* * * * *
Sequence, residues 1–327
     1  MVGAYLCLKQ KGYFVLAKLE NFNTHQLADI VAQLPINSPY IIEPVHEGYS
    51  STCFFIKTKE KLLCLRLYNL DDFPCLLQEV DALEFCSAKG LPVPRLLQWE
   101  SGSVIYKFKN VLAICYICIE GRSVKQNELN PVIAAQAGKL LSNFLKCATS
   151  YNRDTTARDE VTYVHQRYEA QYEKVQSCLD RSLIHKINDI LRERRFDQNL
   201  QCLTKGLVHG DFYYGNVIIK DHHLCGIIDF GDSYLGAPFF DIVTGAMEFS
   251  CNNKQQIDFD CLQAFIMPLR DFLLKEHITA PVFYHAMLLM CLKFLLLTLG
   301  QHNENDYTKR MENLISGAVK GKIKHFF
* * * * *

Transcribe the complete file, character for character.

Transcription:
Sequence, residues 1–327
     1  MVGAYLCLKQ KGYFVLAKLE NFNTHQLADI VAQLPINSPY IIEPVHEGYS
    51  STCFFIKTKE KLLCLRLYNL DDFPCLLQEV DALEFCSAKG LPVPRLLQWE
   101  SGSVIYKFKN VLAICYICIE GRSVKQNELN PVIAAQAGKL LSNFLKCATS
   151  YNRDTTARDE VTYVHQRYEA QYEKVQSCLD RSLIHKINDI LRERRFDQNL
   201  QCLTKGLVHG DFYYGNVIIK DHHLCGIIDF GDSYLGAPFF DIVTGAMEFS
   251  CNNKQQIDFD CLQAFIMPLR DFLLKEHITA PVFYHAMLLM CLKFLLLTLG
   301  QHNENDYTKR MENLISGAVK GKIKHFF